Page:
Visually speaking, Kubo is one of best animated films I’ve seen. It may even become a personal favorite. Since I won’t know what it’s like to grow up with Kubo the way that I did with so many Disney films, it may never affect me as deeply some of them did, but I still appreciate the great deal of work, animation, heart, and artistry that it took to make it.

There is something pleasantly strange about stop-motion, and Kubo embraces this wholeheartedly. Used as it is in the film, stop-motion evokes the uncanny while imbuing the movie with a fantastical, dreamlike quality. Visually, the world of Kubo is the world of imagination—it may take its root in reality, but it is another place entirely, and for all its otherworldliness, it attracts far more than it repels. The animation in the film is incredibly textured. It has depth. In effect, the art is as much a character as Kubo or anyone else. The smooth, flawless surfaces that dominate the industry are not to be found here. Instead, Laika presents expertly executed imperfection for audiences to get lost in, and the film is overflowing with life as a result.

Kubo also exhibits its daring and its singular identity in its narrative, albeit with less intensity and abandon. The film’s tale is timeless; it is at once pleasantly unique and totally familiar. It’s a fairy tale of sorts, and, as such, it operates within an established set of parameters. And yet, it never lets such limits stifle its creativity or sense of wonder. Importantly, Kubo also possesses enough courage not to over-explain its narrative for effect. More than other family films, it allows its characters, their journey, and its images to speak for themselves, and it doesn’t dumb itself down more than necessary. In short, Kubo balances its creative daring with enough restraint that adult audiences should have no problem falling under its spell.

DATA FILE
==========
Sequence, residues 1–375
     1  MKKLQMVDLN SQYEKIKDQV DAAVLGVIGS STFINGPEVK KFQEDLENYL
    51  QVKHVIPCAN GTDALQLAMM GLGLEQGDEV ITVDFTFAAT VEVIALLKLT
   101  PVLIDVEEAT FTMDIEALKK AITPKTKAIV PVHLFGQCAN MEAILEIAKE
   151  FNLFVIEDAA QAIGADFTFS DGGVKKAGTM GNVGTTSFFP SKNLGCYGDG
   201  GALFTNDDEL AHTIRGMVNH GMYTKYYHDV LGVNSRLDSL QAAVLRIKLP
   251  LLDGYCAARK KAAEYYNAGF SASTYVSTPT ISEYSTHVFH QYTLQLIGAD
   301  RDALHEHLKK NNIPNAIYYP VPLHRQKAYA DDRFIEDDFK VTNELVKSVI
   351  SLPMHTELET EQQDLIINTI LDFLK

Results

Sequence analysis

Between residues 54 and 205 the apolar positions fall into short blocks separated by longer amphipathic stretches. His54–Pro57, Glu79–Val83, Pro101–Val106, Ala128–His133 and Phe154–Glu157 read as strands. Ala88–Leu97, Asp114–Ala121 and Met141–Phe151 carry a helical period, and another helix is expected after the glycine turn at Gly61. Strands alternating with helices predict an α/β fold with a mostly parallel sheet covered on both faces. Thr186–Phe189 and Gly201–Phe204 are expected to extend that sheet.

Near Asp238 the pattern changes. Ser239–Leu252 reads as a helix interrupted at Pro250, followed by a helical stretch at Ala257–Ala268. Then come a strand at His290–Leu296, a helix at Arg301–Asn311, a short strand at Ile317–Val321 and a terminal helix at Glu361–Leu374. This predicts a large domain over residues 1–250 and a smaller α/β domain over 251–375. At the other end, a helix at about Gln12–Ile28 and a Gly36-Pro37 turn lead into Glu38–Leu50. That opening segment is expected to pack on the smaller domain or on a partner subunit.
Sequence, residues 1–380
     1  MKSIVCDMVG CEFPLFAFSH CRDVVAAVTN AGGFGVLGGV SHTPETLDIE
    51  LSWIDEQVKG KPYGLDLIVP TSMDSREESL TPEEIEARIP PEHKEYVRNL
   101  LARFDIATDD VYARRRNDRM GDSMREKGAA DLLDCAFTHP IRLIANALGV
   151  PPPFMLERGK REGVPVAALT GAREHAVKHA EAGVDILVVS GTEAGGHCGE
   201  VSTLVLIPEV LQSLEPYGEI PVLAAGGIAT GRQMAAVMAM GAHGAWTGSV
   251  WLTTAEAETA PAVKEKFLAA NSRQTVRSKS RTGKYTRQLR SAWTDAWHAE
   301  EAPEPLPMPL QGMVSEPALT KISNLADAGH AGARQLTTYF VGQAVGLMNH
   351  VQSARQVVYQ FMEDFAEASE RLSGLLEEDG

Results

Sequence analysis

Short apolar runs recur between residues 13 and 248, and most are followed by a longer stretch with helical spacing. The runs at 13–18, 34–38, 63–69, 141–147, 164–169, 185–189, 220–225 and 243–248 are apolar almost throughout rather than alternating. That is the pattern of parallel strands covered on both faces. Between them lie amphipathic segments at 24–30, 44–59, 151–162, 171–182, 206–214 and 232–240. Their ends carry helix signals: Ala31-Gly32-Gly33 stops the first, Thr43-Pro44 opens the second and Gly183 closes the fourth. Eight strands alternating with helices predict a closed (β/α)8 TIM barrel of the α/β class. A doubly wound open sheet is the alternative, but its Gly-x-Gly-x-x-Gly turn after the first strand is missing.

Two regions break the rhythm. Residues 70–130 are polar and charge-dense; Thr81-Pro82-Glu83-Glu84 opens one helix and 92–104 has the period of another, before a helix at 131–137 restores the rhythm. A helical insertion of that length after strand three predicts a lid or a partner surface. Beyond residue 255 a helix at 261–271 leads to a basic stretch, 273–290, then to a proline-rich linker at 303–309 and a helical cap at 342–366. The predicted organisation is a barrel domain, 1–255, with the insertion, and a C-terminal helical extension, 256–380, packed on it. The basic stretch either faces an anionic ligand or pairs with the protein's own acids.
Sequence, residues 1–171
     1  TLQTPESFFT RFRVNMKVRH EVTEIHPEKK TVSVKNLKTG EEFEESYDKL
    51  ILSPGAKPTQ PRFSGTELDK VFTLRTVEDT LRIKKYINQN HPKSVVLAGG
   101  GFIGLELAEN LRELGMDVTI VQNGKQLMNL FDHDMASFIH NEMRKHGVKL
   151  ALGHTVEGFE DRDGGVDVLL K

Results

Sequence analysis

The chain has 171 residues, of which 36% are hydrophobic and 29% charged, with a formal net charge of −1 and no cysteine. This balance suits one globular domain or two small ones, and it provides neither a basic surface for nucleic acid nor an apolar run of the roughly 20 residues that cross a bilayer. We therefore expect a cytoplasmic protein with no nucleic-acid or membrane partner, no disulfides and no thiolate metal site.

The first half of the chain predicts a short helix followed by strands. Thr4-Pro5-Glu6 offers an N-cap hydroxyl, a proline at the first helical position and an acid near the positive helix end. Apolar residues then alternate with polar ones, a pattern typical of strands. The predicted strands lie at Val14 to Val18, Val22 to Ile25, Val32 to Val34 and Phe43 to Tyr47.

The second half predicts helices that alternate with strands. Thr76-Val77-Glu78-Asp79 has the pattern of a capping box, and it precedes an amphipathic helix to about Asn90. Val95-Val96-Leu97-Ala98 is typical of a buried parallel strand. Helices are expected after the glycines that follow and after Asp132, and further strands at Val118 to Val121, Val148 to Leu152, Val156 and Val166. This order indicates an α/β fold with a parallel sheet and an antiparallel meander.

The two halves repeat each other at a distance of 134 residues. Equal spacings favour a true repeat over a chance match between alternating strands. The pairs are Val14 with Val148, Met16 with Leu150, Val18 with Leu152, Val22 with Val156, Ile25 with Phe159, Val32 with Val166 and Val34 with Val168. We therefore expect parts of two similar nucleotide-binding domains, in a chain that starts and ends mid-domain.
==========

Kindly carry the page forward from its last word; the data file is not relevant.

For the most part, the film’s voice cast works to support Knight’s overall vision. Art Parkinson’s voice is appropriately small and earnest. Rooney Mara is also quite memorable as two of the film’s villains (known collectively as, “The Sisters”), and her cold, measured tones make for some of the most frightening moments. Ralph Fiennes is also good (and appropriately intimidating) as the Moon King, although his performance won’t surprise anyone whose heard any of his other voice work.